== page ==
1. Who has been the biggest influence on you as a female horror writer?
My grandmother. She loved horror movies and I believe that’s where my love of the genre came from. When I watched those movies, I noticed there were few people of color as main characters and I wanted to change that.
2. Do you think the style of horror differs between women and men authors? E.g. psychological vs gore?
I’ve read psychological horror from men and I’ve read gore from women, so I don’t think that’s necessarily the case. I do think that women tend to focus more on atmosphere and creating a sense of foreboding in their horror, while men tend to get right into action. But again, there are examples of writing to refute that generalization as well. Bottom line, if the tale stays with you long after you’ve finished reading, it’s achieved it’s goal.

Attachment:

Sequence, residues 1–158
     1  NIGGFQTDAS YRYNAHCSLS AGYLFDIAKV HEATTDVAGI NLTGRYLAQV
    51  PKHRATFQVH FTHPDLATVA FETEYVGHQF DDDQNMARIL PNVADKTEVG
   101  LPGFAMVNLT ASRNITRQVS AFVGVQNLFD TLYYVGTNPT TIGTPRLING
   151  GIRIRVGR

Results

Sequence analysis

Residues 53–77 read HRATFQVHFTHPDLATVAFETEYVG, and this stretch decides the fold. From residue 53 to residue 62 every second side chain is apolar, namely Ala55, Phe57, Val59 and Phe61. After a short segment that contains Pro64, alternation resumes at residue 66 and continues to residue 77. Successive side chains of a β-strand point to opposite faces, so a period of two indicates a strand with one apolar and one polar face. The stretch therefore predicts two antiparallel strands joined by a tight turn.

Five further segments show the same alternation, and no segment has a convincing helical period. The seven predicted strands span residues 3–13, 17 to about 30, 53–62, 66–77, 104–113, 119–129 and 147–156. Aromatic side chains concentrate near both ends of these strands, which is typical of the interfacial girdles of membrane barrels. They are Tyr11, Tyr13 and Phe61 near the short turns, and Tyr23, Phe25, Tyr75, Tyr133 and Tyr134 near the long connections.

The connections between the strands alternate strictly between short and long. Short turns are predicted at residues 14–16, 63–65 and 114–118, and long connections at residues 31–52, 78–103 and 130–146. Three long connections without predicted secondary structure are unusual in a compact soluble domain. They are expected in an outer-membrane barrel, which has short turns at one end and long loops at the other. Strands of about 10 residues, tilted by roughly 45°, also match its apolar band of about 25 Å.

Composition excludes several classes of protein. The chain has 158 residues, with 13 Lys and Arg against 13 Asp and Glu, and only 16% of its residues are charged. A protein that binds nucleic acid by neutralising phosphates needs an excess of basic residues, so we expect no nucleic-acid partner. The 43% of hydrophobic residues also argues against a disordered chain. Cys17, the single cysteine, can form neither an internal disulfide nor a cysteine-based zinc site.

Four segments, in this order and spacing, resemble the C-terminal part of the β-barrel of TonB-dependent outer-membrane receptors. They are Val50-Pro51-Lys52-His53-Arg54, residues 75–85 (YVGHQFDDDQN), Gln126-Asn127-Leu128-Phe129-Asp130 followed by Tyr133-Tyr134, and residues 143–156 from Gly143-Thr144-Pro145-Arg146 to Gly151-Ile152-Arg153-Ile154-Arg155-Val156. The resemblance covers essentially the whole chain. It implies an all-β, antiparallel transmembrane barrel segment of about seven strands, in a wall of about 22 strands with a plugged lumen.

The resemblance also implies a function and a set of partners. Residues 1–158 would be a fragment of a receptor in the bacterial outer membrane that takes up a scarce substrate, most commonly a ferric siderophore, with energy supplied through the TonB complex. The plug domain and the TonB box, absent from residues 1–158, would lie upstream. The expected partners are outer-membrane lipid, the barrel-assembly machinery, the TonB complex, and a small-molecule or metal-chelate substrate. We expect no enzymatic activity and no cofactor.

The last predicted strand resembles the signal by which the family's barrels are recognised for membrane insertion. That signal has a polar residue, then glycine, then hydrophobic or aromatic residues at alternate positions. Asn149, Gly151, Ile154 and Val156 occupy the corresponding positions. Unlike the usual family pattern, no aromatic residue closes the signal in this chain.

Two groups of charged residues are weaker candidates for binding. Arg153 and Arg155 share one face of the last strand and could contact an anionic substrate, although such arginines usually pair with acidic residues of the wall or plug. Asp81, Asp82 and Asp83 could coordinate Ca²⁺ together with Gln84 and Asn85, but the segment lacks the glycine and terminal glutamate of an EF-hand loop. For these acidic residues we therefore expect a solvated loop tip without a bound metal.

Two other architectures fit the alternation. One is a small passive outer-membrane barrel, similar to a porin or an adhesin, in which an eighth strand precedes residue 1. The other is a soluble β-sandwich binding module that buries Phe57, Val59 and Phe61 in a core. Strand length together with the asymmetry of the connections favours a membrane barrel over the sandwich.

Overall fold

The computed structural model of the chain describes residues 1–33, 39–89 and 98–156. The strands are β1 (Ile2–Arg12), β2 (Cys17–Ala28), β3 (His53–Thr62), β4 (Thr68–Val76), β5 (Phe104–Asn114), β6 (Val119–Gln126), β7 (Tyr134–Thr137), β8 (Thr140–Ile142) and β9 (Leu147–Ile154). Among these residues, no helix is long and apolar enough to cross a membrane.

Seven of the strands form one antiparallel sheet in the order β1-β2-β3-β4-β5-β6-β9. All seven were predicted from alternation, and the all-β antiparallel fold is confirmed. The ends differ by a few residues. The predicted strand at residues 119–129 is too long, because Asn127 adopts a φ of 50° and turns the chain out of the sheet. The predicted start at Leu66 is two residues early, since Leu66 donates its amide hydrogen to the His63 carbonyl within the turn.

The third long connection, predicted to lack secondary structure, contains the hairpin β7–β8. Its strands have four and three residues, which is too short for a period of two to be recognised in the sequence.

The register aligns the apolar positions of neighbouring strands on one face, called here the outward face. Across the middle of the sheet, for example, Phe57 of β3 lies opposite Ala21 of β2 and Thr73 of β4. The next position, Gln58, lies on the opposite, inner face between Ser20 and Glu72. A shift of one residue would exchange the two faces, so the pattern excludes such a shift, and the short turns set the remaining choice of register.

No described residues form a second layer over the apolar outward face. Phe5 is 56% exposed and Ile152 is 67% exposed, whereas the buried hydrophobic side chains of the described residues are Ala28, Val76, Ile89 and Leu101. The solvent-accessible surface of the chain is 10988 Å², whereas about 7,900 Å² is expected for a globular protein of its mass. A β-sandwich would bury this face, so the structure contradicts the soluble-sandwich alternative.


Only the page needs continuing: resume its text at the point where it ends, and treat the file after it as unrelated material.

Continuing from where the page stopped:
3. Do you have a main subject that your write about? I.e. certain bad guys or themes?
I write mostly Southern Gothic horror, so my themes revolve around magic use and rituals, grotesque characters, and insanity. Essentially, my upbringing in the South made into fiction.
4. If you could have dinner with a famous horror writer, living or dead, who would it be and why?
Toni Morrison. I’ve read and watched interviews with her about staying true to your distinct voice and I’d love to talk with her about how she’s able to keep her stories true to her vision for them.
5. Favorite female horror writer? Why?
That’s difficult because I love so many. If pressed, I’d say Joyce Carol Oates. She wrote one of my all-time favorite stories “Where Are You Going, Where Have You Been?” and it still creeps me out to this day.
Jenna Deluise lives in a broken world. The dead walked, millions died. Here's what happened After.
I AM AN AUTHOR, BLOGGER AND A JOURNALIST.
“Description begins in the writer’s imagination, but should finish in the reader’s.”